Warfighting stocks strengthened

Published on SBLT Brendan Taylor (author), ABIS Chantell Brown (photographer)

Location(s): HMAS Watson

Topic(s): HMAS Watson, Ships, Boats and Submarines, Training Authority - Maritime Warfare

(Front R-L) Head of Command Navigation and Littoral Warfare, CMDR Darron Rowe, Head Navy Capability RADM Jonathan Mead, and Director Training Authority Maritime Warfare, CAPT Craig Powell, with graduates. (photo: ABIS Chantell Brown)
(Front R-L) Head of Command Navigation and Littoral Warfare, CMDR Darron Rowe, Head Navy Capability RADM Jonathan Mead, and Director Training Authority Maritime Warfare, CAPT Craig Powell, with graduates.

Thirty-six maritime warfare officers were recently awarded their Bridge Warfare Certificates after graduating from Junior Warfare Application Course 63 in a ceremony held at HMAS Watson in Sydney.
 
Head Navy Capability Rear Admiral Jonathan Mead represented Chief of Navy as the guest of honour at the ceremony on 16 June.
 
The intense course teaches junior officers how to drive and fight Australia’s Fleet of warships and takes approximately two years.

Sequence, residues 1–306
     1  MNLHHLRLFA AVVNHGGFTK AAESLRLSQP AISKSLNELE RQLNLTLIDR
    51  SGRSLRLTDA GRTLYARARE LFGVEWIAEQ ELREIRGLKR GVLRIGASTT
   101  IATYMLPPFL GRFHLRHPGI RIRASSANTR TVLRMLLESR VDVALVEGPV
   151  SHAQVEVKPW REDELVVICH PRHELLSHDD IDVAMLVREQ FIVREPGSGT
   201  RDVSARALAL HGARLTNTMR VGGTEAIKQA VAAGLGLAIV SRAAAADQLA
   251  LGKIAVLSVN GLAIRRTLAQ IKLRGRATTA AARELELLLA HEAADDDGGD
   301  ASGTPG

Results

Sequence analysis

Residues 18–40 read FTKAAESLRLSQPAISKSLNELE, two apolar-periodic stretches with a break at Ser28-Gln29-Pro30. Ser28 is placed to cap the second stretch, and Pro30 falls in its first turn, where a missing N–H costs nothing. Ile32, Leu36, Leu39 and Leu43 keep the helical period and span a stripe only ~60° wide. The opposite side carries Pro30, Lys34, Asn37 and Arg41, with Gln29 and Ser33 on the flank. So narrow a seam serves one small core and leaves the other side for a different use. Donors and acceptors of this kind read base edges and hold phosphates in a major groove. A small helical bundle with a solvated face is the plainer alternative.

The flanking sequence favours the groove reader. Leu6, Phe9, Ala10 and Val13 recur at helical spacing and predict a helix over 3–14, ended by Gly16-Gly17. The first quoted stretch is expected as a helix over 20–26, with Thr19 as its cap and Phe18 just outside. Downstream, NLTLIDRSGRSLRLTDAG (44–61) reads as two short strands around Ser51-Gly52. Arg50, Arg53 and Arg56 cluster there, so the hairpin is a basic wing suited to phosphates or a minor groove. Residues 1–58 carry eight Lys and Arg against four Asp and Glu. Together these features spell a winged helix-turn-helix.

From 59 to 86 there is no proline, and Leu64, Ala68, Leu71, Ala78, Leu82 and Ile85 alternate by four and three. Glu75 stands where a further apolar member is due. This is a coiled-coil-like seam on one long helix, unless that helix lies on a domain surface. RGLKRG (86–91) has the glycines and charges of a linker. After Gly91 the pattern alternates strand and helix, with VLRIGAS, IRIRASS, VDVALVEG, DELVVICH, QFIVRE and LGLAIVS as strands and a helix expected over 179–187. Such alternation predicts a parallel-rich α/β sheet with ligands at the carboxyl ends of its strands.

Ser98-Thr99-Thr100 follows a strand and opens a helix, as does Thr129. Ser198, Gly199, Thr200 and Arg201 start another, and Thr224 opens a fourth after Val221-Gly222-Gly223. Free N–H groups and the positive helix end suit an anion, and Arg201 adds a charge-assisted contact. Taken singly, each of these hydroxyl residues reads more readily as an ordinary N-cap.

Officers work as the Commanding Officer’s representative, responsible for the control and safety of the vessels at sea and in port. 
 
One member of the largest class to graduate to date, Sub Lieutenant Mathew Dodds, said he could not wait to join the Fleet and showcase his new set of skills.
 
“The numerous long hours were all worth it in the end, and I am so excited to join my new ship and test my new abilities,” he said.
 
The Junior Warfare Application Course is conducted in four phases.
 
Phase One is held at Watson and teaches the basics of a employment, such as how to keep watches on the bridge of a warship, relative velocity calculations and knowledge to prevent collisions at sea. 
 
Trainees then spend 22 weeks at sea on a large ship consolidating what they have learned.
 
The officers return to Watson and are taught more complex navigation, bridge management and mariner skills, including a period of training in the bridge simulator.
 
They are then posted to a small vessel for 22 weeks to prepare for their major test - Fleet Board and the award of the Navigation Watchkeeping Certificate.
 
The final 28 weeks includes the leadership and management training, warfare theory and the bridge simulator, teaching trainees complex war fighting tactics techniques and procedures.